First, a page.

Horrible murder

Article Featured Image
Illustration of men on horses.

The Hawkhurst Gang. The text beneath the image reads: Galley and Chater falling off their Horse at Woodash, draggs thier Heads on the Ground, while the Horse kicks them as he goes; the Smugglers still continuing thier brutish usage.

When I was at primary school in the 1950s we used to enjoy singing the popular Smugglers’ Song with words by Rudyard Kipling:

Five and twenty ponies
Trotting through the dark –
Brandy for the Parson,
Tobacco for the Clerk:
Laces for a lady; letters for a spy,
And watch the wall my darling, while the Gentlemen go by!

Running round the woodpile if you chance to find
Little barrels, roped and tarred, all full of brandy wine;
Don’t you shout to come and look, nor take them for your play;
Put the brushwood back again – and they’ll be gone next day!

It is a song that races along but embraces a popular myth masking the brutal reality behind smuggling. It is true that gangs of smugglers operated right along the coast with whole communities involved.

However, sickening violence could be used by smugglers driven by greed, poverty and lack of employment. Customs men often assisted by soldiers, used counter-measures which were both brutal and harsh, including the death penalty.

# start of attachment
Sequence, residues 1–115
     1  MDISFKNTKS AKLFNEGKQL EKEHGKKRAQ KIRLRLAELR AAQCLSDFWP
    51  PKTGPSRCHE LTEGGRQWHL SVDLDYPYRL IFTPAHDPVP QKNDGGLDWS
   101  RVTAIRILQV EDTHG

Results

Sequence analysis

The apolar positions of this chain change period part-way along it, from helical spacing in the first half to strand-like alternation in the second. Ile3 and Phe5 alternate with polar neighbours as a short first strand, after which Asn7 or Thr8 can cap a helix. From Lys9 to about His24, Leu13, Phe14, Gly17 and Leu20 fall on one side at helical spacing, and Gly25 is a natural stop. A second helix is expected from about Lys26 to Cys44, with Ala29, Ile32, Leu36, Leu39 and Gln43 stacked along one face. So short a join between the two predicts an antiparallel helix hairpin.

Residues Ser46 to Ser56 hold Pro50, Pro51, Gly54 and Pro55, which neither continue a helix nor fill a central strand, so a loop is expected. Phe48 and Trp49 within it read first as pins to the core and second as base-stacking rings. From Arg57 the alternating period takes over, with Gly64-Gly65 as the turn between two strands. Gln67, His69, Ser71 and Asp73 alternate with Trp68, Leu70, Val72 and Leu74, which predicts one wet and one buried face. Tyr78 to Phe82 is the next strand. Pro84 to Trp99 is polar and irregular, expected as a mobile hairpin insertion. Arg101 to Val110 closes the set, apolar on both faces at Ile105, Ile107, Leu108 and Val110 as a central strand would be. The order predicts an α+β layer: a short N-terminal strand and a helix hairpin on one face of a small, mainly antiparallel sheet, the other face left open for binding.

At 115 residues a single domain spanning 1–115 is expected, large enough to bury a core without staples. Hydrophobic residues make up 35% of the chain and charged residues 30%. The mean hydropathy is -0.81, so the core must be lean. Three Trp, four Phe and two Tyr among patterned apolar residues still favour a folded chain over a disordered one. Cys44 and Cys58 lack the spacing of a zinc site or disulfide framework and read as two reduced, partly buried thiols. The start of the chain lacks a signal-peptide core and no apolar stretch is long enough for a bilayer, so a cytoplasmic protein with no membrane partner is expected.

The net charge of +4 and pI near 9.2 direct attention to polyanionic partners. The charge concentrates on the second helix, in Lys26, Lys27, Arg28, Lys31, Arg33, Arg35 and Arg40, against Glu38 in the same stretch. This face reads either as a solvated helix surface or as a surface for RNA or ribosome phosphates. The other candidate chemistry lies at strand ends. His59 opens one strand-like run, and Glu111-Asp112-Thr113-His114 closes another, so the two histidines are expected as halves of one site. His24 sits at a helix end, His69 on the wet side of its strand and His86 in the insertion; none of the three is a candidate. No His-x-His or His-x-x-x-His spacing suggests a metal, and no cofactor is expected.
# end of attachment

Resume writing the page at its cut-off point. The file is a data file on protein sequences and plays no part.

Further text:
It was not until the 1840s with the introduction of free trade and the reduction of excise duties that smuggling was reduced.

The Hawkhurst Gang of Sussex smugglers was notoriously violent in the era of highwaymen and pirates. In 1748 gang member Daniel Chater was arrested by Customs officer William Galley and turned informer.

When both men were captured by other members of the gang Galley was beaten, tied to his horse and had his nose cut off. Chater was hung down a well and stoned to death.

The stark reality of the lives of smugglers past and present is revealed in the new Merseyside Maritime Museum gallery Seized: Revenue & Customs Uncovered.

On display in Seized is a contemporary print showing the two men hung upside down while they are whipped by gang members. Another shows Chater being thrust down the well.

In 1785 it was discovered that most of the fishing fleet in Deal, Kent, was involved in smuggling. The fishermen were desperate to earn a living. Every vessel was burnt to ashes on the orders of the Prime Minister William Pitt, who was just 26.

Exhibits include weapons used by smugglers and Customs officers – a blunderbuss, musket, pistols, swords and cutlasses. You can see some of them here.

A smugglers’ lantern has a spout which directed a beam of light to avoid detection. A sinking stone was used to secure smuggled casks to the seabed while a grappling hook was used by smugglers to retrieve their contraband. 

A new Maritime Tale by Stephen Guy appears every Saturday in the Liverpool Echo. A paperback – Mersey Maritime Tales (£3.99) – is available from the museum, newsagents, bookshops or from the Mersey Shop website (£1.50 p&p UK).